Homelessness and Substance Abuse in Sweden, 2012

"A national mapping of homelessness9 in Sweden, which was conducted in April 2011 shows an increase in the number of homeless people – from approximately 18,000 in 2005 to 34,000 in 2011(Socialstyrelsen, 2011a). The large increase in reported homeless people mainly concerns people who live in relatively long-term housing solutions, such as training flats and apartments with social contracts.
"About 13% of the reported homeless persons were judged to be in acute homelessness, where several individuals slept outside or in public places. About 16% received institutional care or lived in different forms of category housing. About 40% lived in long-term housing solutions and another 20% lived in short-term housing solutions organized by themselves (Socialstyrelsen, 2011a).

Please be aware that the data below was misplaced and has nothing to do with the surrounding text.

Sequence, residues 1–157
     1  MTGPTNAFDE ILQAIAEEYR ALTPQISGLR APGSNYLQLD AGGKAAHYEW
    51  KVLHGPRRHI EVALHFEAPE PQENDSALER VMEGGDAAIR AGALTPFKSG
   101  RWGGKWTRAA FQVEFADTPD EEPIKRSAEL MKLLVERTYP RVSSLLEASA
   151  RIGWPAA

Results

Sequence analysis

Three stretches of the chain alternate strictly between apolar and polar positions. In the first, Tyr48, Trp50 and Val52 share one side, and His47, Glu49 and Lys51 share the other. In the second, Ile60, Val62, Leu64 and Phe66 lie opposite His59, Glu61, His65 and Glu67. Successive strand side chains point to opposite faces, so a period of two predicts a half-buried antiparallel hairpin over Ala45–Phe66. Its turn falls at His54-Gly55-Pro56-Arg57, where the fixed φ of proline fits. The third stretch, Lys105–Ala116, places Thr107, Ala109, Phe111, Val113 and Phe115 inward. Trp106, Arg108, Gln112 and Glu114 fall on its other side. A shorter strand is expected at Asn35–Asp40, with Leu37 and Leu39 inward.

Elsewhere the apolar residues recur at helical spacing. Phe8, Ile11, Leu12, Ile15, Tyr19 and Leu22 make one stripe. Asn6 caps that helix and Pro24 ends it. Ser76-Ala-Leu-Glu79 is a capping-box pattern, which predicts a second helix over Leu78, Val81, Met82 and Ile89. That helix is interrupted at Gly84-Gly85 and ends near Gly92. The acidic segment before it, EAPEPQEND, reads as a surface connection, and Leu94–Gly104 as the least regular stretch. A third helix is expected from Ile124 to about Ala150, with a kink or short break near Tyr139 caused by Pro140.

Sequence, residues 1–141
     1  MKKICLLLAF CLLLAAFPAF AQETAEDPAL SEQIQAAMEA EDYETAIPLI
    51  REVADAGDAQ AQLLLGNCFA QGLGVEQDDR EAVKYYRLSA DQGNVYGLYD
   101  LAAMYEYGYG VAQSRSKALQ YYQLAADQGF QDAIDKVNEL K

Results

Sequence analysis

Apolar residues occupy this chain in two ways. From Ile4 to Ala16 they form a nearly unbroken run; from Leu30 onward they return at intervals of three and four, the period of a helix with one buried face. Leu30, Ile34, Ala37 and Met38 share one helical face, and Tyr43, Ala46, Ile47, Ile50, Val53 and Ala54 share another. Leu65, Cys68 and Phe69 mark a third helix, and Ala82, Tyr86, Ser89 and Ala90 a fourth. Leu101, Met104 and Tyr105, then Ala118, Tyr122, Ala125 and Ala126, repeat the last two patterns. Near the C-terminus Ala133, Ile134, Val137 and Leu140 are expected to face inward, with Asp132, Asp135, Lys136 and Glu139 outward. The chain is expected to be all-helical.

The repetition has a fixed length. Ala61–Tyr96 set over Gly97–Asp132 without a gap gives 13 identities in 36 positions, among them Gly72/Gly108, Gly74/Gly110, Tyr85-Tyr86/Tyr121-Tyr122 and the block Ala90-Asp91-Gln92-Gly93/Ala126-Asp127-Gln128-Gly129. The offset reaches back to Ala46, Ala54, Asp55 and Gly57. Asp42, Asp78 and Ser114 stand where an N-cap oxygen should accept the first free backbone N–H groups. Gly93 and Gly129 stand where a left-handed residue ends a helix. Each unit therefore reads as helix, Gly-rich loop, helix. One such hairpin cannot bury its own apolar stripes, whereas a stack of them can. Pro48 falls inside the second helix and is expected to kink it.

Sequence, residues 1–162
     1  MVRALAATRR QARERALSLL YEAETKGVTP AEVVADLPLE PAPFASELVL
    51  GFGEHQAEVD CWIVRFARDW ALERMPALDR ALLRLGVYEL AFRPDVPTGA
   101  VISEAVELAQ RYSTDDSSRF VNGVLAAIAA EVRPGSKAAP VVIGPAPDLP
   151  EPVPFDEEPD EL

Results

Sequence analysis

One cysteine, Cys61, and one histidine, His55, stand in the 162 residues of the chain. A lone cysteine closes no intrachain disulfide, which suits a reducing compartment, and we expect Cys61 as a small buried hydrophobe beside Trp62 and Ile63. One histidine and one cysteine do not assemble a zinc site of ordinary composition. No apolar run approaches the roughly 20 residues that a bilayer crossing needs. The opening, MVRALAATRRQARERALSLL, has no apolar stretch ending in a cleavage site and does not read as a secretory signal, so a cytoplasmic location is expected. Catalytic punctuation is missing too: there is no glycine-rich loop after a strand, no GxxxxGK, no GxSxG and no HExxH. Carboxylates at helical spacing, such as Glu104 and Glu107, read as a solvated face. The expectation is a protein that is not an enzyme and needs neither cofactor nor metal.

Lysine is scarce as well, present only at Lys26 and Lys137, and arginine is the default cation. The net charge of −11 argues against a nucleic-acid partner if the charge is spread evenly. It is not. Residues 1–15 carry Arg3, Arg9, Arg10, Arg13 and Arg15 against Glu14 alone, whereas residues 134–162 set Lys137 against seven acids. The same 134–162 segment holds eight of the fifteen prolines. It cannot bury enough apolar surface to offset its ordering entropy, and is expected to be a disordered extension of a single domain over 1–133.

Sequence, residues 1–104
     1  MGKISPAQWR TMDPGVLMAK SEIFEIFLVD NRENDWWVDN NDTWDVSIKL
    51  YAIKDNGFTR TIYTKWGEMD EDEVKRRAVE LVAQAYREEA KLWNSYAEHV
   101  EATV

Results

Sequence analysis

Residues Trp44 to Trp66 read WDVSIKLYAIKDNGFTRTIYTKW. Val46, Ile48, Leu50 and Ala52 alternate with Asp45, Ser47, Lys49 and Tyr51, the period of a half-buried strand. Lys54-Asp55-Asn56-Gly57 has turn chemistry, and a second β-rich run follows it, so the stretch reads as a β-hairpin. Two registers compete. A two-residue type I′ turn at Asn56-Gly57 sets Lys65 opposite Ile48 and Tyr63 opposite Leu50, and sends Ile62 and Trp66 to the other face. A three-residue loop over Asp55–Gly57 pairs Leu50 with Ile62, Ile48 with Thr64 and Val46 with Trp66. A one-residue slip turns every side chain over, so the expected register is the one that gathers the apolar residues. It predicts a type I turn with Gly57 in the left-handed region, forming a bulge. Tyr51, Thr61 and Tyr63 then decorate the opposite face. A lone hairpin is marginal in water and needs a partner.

"The National Board of Health and Welfare has made an attempt to identify substance abuse among homeless people. Of all participants in the mapping 40% were judged to have drug and alcohol issues, of these subjects 21% were women and 79% men. Most common was alcohol abuse l [sic], 65 %, with psychostimulants
such as the amphetamines, cocaine being the second most used group of substances. About one third used mainly cannabinoids. Approximately one fifth also used opioids. Mental ill-health among substance abusers is also common, about half of those with mental ill-health issues also abuse various forms of substances. The biggest proportion of homeless people with substance abuse can geographically be found in the Gothenburg region (Socialstyrelsen, 2011a)."

Source: 

Swedish National Institute of Public Health. "2013 National Report (2012 data) to the EMCDDA by the Reitox National Focal Point: Sweden: New Developments, Trends and in-depth information on selected issues." Östersund: Swedish National Institute of Public Health, 2013, p. 73.
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